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One In Five Black Male College Students Support Trump In New Poll

A new Knight Foundation-College Pulse survey shows one in five black male college students said they would vote for Trump if the election were held today.


A new Knight Foundation-College Pulse survey out this month shows one in five black male college students said if the election were held today, they would be casting their vote for President Donald Trump.

The poll, conducted Aug. 9-12 and interviewed 4,000 undergraduates in full-time four-year programs at American universities, revealed Trump’s support among black male students is virtually the same among white female college students where 20 percent reported being in favor of Trump with a +/-2 percent margin of error.

Trump’s support among female black students however, is practically absent at 2 percent, within the margin of error for zero and is unlikely to bounce following former Vice President Joe Biden’s pick of a black woman, California Democratic Sen. Kamala Harris as his running mate. On the other hand, Trump’s relatively high support among black male college students likely comes in part from the Republican administration’s restoration of funding for Historically Black Colleges.

While the Knight Foundation survey is narrowed in scope to current college students enrolled in four-year programs, the results provide a glimpse into Trump’s support among the next generation of voters that possesses implications for November and future elections.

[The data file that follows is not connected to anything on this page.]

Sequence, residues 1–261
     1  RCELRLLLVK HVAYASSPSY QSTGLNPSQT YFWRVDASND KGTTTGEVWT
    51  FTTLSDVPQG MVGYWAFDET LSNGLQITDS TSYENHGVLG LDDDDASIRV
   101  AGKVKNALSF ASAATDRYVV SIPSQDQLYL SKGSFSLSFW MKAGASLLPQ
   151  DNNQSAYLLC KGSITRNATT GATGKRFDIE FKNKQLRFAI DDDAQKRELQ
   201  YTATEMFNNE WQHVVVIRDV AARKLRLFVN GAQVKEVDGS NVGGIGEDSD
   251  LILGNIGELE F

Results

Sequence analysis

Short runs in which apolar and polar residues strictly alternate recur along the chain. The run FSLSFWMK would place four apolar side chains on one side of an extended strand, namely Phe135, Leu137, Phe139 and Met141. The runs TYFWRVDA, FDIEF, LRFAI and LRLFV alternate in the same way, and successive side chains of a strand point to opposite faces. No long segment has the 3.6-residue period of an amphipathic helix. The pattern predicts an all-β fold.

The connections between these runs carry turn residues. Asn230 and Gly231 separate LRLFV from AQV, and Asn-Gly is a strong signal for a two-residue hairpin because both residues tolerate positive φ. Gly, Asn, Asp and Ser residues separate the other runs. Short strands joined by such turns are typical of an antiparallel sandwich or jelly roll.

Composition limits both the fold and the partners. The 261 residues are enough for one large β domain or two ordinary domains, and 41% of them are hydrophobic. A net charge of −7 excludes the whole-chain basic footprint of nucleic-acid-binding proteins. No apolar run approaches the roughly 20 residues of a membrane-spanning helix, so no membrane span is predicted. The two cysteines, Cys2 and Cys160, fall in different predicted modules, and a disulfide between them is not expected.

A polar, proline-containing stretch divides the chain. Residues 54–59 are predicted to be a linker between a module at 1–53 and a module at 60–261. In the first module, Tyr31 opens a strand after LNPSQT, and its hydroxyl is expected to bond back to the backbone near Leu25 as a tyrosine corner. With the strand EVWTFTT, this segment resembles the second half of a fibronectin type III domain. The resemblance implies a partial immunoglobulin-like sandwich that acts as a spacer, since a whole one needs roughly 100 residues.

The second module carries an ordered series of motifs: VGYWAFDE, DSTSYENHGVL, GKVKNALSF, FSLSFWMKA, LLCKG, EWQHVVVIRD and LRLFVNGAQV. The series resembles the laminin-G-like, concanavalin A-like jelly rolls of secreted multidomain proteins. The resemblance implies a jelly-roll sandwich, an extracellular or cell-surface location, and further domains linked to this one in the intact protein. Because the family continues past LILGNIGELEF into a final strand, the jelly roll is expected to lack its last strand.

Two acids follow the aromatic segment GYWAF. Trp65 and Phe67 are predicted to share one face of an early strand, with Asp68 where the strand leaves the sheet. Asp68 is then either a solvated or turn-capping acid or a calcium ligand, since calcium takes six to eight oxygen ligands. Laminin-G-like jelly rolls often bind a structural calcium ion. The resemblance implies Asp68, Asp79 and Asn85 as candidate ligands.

While Democrats embrace the latest signature call from the contemporary civil rights movement of Black Lives Matter to defund the police, a Gallup poll conducted in late July shows 81 percent of black Americans actually want the same amount or more law enforcement protection in their communities, not less. Democrats in Minneapolis however, voted unanimously to disband the city’s police department in June. In New York City, Mayor Bill de Blasio slashed the department’s budget by $1 billion even as crime skyrockets in the city. On the West Coast, Seattle’s first black female police chief resigned when the city voted to cut department funding and dock her pay 40 percent.

“This was a difficult decision for me, but when it’s time, it’s time,” said Chief Carmen Best.

Trump however, remains deeply underwater with black voters overall, which have historically been a key voting bloc for the Democratic Party for the last five decades. A Washington Post-Ispos poll showed 92 percent of black Americans reported their support for Biden over Trump in a June survey. In 2016, former Secretary of State Hillary Clinton won the black vote with 88 percent to Trump’s 8.